Mexican cottontail

Mexican cottontail
Scientific classification
Kingdom: Animalia
Phylum: Chordata
Class: Mammalia
Order: Lagomorpha
Family: Leporidae
Genus: Sylvilagus
Species: S. cunicularius
Binomial name
Sylvilagus cunicularius
(Waterhouse, 1848)
Mexican cottontail range

Lepus cunicularius Waterhouse, 1848[3]
Lepus vera-crucis Thomas, 1890[4]
Lepus insolitus Allen, 1890[5]

The Mexican cottontail (Sylvilagus cunicularius) is a species of cottontail rabbit in the family Leporidae.[6] It is endemic to Mexico where its natural habitats are temperate forests, subtropical or tropical dry forests and pastureland.


The Mexican cottontail was first described by the English naturalist George Robert Waterhouse in 1848 as part of his work in classifying specimens in the collection of the museum of the Zoological Society of London.[7] Three subspecies are recognized: Sylvilagus cunicularius cunicularius, S. c. insolitus, and S. c. pacificus.[1]


The Mexican cottontail is one of the largest members of its genus at 1,800 to 2,300 grams (63 to 81 oz),[8] and is the largest Mexican rabbit.[9] It has coarse reddish-brown or greyish-brown fur and white underparts.[8] In maturity, the pelage becomes a paler, yellowish-gray color. External body measurements include a body length of 485–515 mm (19.1–20.3 in), a tail length of 54–68 mm (2.1–2.7 in), hind foot length of 108–111 mm (4.3–4.4 in), and an ear length of 60–63 mm (2.4–2.5 in). Populations from the Sierra Madre de Oaxaca tend to be slightly larger than those in other parts of the range.[2]


The Mexican cottontail's breeding season occurs throughout the year, but especially during the warm and wet summer months (March to October).[9] Mothers dig a nursery burrow to contain a nest before they give birth. The burrows are short, shallow tunnels averaging 23 cm (9.1 in) long that end in a chamber about 17 cm (6.7 in) below the surface. Nests are constructed of several materials including dry grasses, pine needles, and bits of woody plants. Oat straw and alfalfa hay are used in the nest as additional food sources. Nursing occurs at the burrow entrance until the young are about 12 days old; after the offspring are weaned, the mother closes the burrow entrance. The burrowing behavior of the Mexican cottontail more closely resembles that of the European rabbit (Oryctolagus cuniculus) and the pygmy rabbit (Brachylagus idahoensis) than other cottontail rabbits.[10]

Ecology, distribution and habitat

The Mexican cottontail is found only in Mexico where its range extends from the state of Sinaloa to the states of Oaxaca and Veracruz, including the mountainous regions of the Trans-Mexican Volcanic Belt. It ranges from sea level up to about 4,300 meters (14,000 feet). It occupies a wide range of habitats including tropical, temperate and dry deciduous forest, dense shrubland, grassland and cultivated or otherwise disturbed land.[1] In central Mexico it is quite common in pine and pine/oak forests with a ground cover of tussocky grasses such as Agrostis, Festuca and Muhlenbergia.[8] Predators of the Mexican cottontail include red foxes, coyotes, the long-tailed weasel, feral dogs, the great horned owl, and the red-tailed hawk.[11]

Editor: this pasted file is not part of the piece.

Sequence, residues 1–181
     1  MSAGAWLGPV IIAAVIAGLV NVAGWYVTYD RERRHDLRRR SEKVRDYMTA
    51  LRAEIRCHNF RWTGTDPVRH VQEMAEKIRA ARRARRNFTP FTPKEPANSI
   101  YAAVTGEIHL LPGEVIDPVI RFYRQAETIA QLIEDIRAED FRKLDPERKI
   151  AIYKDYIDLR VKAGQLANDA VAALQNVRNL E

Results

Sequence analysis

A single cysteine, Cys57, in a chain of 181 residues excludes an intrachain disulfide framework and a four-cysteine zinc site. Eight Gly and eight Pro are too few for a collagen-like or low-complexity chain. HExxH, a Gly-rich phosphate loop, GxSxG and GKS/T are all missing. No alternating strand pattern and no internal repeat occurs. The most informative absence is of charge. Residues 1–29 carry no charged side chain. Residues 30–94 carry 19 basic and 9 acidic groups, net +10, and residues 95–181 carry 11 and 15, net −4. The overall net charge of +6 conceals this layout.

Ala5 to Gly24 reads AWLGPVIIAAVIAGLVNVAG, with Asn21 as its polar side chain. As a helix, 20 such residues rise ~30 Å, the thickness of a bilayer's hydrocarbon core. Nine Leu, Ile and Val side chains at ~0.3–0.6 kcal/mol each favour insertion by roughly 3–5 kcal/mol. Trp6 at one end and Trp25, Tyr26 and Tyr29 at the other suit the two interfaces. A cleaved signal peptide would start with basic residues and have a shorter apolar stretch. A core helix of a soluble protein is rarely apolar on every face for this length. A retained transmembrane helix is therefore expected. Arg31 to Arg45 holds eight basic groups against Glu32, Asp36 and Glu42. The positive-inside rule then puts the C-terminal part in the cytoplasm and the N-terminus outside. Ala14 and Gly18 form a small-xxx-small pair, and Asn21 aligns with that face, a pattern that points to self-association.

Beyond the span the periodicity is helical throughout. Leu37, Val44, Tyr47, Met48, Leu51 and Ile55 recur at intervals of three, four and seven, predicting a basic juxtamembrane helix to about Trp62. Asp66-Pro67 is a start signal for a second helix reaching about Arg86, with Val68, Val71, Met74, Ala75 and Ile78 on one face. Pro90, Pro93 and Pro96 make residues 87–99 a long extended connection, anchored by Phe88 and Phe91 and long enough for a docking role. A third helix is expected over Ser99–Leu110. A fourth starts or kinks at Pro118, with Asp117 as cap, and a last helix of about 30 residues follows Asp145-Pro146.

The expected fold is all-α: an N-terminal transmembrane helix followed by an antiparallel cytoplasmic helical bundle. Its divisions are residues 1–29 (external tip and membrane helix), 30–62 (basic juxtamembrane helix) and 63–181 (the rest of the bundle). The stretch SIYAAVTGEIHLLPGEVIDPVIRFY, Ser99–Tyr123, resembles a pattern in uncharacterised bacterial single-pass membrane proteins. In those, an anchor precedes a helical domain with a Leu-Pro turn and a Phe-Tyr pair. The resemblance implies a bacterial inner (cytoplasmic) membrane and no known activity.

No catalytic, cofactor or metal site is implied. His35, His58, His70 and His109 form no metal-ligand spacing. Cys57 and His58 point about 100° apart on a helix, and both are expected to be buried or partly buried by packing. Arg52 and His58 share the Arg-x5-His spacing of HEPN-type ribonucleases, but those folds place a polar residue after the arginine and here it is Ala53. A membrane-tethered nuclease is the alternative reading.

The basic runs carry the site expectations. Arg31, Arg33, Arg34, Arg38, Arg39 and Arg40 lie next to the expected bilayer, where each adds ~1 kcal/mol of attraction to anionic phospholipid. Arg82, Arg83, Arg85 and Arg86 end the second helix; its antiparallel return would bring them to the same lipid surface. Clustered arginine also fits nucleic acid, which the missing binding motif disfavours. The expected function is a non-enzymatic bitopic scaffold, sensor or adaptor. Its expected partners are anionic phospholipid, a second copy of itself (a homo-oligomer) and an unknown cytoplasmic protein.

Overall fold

The Mexican cottontail is common over its range and is classified by the IUCN in its Red List of Threatened Species as being of least concern. It is present in the La Malinche National Park at densities of about 27 individuals per square kilometer. Despite this, its numbers may be dwindling in areas where it is hunted and in others where its habitat is being degraded and overgrazing is taking place.[1]


  1. 1 2 3 4 Mexican Association for Conservation and Study of Lagomorphs (AMCELA); Romero Malpica, F. J. & Rangel Cordero, H. (2008). "Sylvilagus cunicularius". IUCN Red List of Threatened Species. Version 2010.4. International Union for Conservation of Nature. Retrieved 24 Feb 2011.
  2. 1 2 Cervantes FA, Lorenzo C, Vargas J, Holmes T (1992). "Sylvilagus cunicularis". Mammalian Species (412): 1–4. doi:10.2307/3504074. JSTOR 3504074.
  3. Waterhouse GR. A Natural History of the Mammalia. 2 (Rodentia). London, UK: Hippolyte Bailliere.
  4. Thomas O. (1890). "On a collection of mammals from Central Vera Cruz, México". Proceedings of the Zoological Society of London: 71–6.
  5. Allen JA. (1890). "Notes on collections of mammals made in central and southern Mexico, by Dr. Audley C. Buller, with descriptions of new species of the genera Vespertiligo, Scirus and Lepus". Bulletin of the American Museum of Natural History. 3: 175–194.
  6. Hoffman, R.S.; Smith, A.T. (2005). "Order Lagomorpha". In Wilson, D.E.; Reeder, D.M. Mammal Species of the World: A Taxonomic and Geographic Reference (3rd ed.). Johns Hopkins University Press. p. 209. ISBN 978-0-8018-8221-0. OCLC 62265494.
  7. Woodward, BB (1899). "Waterhouse, George Robert". Dictionary of National Biography, 1885–1900, Volume 59.
  8. 1 2 3 Chapman, Joseph A.; Flux, John E. C., eds. (1990). Rabbits, Hares and Pikas: Status Survey and Conservation Action Plan. IUCN. pp. 95, 101. ISBN 9782831700199.
  9. 1 2 Vasquez J, Chacon AJ, Hudson R, Rogriquez-Martinez L, Martinez-Gomez M (2007). "Seasonal reproduction in Mexican cottontail rabbits Sylvilagus cunicularius in La Malinche National Park, central Mexico". Acta Theriologica. 52 (4): 361–9. doi:10.1007/BF03194234.
  10. Rodríguez-Martínez L, Hudson R, Martínez-Gómez M, Bautista A (January 2013). "Description of the nursery burrow of the Mexican cottontail rabbit Sylvilagus cunicularius under seminatural conditions". Acta Therologica. 59: 193–201. doi:10.1007/s13364-012-0125-6.
  11. González CL, Vázquez J, Martínez-Gómez M (2007). "Demography, density, and survival of an endemic and near threatened cottontail Sylvilagus cunicularius in central Mexico". Acta Therologica. 53 (3): 299–305.
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